On August 12th, JAMA Pediatrics published an article suggesting there may be a link between women whose labor is induced or augmented having a higher incidence of children with autism. However, researchers have been very quick to state that there is more research and studies needed to make any claims.
When a woman has her labor induced, she is given medication to start contractions and the labor process. Augmentation refers to medication given to enhance or maintain contractions that are not of adequate quality or frequency. It is critical to note that either intervention is often used to prevent stillbirth, infection of mom and/or baby, and a potentially critically ill mom that could give birth to a critically ill baby.
A study of more than 625,000 live births showed that children of mothers who received labor augmentation and induction had 23% increased odds of having autism than children whose mothers did not undergo induced or augmented labor. Many other factors are being evaluated that may be contributing factors.
Environmental factors, genetic predisposition and events occurring during pregnancy may have an impact on children having autism. It may be that these circumstances contribute to the necessity of induction and/or augmentation, not the other way around.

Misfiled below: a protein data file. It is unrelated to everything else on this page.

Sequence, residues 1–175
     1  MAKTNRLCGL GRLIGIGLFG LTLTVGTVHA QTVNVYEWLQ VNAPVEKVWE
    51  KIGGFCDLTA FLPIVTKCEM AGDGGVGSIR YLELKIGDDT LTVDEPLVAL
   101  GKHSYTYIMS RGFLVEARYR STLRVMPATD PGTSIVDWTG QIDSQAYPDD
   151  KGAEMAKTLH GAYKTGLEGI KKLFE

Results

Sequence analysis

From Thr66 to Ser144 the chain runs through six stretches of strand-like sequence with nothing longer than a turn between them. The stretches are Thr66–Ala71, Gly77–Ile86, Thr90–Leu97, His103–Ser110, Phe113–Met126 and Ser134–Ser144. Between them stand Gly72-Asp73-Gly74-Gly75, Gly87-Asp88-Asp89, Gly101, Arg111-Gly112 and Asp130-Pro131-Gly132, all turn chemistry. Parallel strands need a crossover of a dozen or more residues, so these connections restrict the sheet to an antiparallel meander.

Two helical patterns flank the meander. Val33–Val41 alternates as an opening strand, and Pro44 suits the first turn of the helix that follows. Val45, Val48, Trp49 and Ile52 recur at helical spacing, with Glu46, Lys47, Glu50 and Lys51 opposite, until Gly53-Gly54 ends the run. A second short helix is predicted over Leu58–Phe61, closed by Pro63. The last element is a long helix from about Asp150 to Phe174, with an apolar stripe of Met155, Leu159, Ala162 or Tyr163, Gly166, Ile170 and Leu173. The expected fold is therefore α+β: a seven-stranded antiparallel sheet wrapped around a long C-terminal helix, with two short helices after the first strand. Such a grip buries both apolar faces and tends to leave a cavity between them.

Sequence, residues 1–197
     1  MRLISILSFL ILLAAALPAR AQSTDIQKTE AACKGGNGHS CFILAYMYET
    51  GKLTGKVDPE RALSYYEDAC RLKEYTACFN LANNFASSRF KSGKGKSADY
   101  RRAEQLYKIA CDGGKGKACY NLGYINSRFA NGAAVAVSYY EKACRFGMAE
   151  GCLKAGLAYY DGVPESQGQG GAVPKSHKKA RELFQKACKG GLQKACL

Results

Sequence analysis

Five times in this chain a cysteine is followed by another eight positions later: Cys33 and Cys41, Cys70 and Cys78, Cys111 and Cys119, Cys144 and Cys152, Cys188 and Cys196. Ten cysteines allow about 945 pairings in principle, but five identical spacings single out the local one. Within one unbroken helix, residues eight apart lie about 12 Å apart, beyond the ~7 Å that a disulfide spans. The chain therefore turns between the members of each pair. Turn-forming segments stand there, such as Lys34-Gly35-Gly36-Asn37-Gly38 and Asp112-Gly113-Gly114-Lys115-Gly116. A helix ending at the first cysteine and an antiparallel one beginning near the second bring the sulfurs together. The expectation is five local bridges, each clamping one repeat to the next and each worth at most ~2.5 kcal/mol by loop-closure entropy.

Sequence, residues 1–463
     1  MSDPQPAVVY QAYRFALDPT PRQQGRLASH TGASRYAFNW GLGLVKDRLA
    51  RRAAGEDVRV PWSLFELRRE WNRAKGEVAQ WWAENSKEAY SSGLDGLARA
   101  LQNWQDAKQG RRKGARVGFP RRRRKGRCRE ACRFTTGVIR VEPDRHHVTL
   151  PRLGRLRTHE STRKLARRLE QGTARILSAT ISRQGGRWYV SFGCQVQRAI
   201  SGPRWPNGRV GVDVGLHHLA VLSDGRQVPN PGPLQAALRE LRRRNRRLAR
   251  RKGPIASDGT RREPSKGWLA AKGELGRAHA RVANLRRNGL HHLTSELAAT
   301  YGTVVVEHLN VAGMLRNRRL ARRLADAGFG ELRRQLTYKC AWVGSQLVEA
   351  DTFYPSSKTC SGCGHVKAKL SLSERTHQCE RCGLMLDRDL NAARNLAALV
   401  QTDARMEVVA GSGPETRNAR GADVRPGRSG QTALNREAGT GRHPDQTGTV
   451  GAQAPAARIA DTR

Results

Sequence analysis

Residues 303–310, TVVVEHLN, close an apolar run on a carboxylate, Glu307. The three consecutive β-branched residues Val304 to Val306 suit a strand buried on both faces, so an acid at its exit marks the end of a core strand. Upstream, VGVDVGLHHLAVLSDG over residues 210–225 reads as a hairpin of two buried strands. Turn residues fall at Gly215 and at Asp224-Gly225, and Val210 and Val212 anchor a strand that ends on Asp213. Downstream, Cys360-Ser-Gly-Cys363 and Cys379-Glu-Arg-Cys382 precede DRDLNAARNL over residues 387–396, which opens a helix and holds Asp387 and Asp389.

Lead author Simon G. Gregory, PhD, associate professor at the Duke Institute of Molecular Physiology at Duke University Medical Center in Durham, North Carolina, states, "Our results are not sufficient to suggest altering the standard of care regarding induction or augmentation; our results do suggest that additional research is warranted. We are being very, very careful to not say that we've established cause and effect. It's the maternal health and the health of the baby in utero and the circumstances that required the physician to say the birth should be induced or augmented — or it could be the augmentation process itself," added Dr. Gregory.
Until more studies and research are done, it is best to discuss induction and augmentation with your health care provider if you have questions or concerns. As Dr. Gregory says, “Negative consequences of not inducing can far outweigh those risks."